Customer Service Consulting

How to Evaluate Customer Service Consultants

You've just written another big check to your customer service consultant. Is it worth the investment? Here's how to evaluate customer service consultants and your consulting ROI.

It takes money to make money, right?

As a small business owner, you understand the correlation between investment and profitability. In theory, the more you investment in your company, the easier it will be to achieve your objectives.

But there is a fine line between a smart investment and throwing your hard-earned cash down the drain. The most successful small business owners are careful to evaluate their investments for short-term impact as well as long-term ROI.

The need for evaluation is especially acute in the area of customer service consulting. Customer service consultants run the gamut from results-focused professionals to rank amateurs who talk a good game, but ultimately fail to deliver on their promises.

If you've hired a customer service consultant and are on the fence about investing more resources in your relationship, here is our advice for evaluating the effectiveness of customer service consultants.

  • Employee morale. Improved call center morale is a good gauge of the effectiveness of the customer service consulting process. Small businesses frequently call in a consultants to motivate their staff. When your team is energized to interact with your customers, it's mission accomplished.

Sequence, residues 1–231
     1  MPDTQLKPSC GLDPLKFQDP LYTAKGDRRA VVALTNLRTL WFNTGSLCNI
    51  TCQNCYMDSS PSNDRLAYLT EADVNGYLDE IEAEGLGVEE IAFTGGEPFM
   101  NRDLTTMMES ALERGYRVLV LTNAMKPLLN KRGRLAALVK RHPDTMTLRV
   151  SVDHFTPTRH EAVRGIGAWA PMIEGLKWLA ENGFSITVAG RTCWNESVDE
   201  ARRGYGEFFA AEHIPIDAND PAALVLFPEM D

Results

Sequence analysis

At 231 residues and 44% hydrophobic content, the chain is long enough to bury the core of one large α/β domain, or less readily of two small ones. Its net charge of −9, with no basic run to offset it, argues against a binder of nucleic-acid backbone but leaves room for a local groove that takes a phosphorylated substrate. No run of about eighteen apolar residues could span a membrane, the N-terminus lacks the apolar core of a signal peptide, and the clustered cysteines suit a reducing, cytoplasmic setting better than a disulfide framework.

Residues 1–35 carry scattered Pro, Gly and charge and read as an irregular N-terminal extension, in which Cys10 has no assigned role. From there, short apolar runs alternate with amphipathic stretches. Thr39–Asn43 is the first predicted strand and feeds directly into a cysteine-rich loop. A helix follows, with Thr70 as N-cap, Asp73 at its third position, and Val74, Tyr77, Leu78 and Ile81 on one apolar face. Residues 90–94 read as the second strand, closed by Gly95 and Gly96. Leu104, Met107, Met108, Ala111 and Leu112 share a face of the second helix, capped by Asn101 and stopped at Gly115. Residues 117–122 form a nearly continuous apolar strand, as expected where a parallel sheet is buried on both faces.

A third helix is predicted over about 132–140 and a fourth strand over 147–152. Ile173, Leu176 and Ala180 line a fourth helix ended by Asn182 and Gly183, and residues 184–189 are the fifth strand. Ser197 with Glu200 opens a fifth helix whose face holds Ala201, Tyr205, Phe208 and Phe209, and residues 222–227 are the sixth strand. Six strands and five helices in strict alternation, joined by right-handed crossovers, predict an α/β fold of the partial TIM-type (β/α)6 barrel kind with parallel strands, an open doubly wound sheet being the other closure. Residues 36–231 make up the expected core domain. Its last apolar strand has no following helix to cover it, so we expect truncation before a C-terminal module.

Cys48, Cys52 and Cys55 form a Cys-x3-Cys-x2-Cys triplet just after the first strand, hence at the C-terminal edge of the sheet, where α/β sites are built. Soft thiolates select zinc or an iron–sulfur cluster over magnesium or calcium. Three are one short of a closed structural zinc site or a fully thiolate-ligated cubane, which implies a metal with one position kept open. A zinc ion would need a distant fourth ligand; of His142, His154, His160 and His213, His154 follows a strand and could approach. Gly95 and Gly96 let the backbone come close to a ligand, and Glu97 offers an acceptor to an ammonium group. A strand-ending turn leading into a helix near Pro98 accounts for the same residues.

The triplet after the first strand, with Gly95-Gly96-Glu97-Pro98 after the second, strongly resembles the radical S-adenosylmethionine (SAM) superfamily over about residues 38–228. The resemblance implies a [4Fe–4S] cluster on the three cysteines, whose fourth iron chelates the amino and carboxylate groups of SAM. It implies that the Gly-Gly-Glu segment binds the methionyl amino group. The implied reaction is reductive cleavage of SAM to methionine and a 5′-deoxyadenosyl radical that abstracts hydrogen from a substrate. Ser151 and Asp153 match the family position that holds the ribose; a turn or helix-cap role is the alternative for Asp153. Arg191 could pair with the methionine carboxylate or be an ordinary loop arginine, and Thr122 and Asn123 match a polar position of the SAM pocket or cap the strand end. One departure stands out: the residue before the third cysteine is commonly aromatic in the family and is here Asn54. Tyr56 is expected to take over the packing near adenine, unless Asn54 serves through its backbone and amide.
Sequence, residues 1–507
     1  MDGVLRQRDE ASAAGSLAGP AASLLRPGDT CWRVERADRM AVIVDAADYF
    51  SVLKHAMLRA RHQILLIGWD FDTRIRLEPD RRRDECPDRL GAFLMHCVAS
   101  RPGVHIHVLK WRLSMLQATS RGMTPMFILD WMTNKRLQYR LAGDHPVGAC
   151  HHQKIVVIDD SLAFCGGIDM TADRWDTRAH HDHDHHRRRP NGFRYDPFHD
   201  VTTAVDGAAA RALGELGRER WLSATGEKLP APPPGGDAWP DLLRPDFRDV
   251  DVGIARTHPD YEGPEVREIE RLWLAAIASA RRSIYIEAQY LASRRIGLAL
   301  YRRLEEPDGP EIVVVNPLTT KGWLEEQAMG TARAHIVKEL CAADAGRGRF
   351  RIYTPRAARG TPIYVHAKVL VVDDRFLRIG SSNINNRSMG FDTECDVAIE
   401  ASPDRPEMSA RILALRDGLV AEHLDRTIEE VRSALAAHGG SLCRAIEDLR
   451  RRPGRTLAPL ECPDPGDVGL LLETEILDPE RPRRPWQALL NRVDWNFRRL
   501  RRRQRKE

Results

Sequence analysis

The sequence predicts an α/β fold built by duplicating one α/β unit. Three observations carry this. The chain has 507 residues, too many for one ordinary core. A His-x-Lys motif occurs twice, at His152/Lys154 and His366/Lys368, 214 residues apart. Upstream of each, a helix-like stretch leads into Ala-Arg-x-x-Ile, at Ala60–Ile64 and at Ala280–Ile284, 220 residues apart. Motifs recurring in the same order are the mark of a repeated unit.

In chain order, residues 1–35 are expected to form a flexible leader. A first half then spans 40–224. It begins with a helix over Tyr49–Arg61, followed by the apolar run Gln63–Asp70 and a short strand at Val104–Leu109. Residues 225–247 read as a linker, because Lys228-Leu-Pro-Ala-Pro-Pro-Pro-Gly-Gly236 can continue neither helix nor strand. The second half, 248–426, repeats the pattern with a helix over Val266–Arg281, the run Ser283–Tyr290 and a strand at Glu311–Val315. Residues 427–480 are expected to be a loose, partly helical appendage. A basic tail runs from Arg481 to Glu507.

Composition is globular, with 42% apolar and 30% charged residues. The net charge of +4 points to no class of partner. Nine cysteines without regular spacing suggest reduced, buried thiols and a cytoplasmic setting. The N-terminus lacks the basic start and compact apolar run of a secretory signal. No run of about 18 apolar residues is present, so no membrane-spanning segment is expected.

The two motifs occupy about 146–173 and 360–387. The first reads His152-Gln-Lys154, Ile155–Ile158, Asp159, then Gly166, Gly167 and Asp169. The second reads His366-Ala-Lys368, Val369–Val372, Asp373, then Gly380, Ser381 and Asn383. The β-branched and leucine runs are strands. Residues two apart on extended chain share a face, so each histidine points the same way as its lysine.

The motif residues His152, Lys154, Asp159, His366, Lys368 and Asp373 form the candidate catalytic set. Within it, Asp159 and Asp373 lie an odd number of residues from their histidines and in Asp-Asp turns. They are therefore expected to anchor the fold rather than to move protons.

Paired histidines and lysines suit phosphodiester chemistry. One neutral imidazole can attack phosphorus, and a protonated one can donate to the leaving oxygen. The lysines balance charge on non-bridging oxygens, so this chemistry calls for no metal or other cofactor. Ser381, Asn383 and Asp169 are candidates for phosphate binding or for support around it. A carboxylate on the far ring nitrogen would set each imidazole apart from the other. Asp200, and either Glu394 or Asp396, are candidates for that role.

• Employee buy-in. Employee buy-in is just as important as employee morale. No one likes change and if the consultant is doing his job, he will suggest changes to everyday call center routines. Those changes will be met with resistance, but if your employees ultimately buy-in to the process, it's well worth the consultant's fee.
  • Customer retention. Consultant evaluations boil down to bottom line results. High performing customer service departments translate into increased customer retention rates. If you established customer retention as a primary goal and the consultant's services haven't resulted in significant increases, it's time to either find a different consultant or abandon the process altogether.
  • Collaborative workflows. Customer service isn't an isolated business function. When it's done right, it is an integrated part of an efficient workplace. Expect your consulting investment to result in more collaborative workflows with sales, support and other departments. If collaboration is stagnant (or even inhibited) as a consequence of consulting, then the consultant has failed to adequately serve your company.

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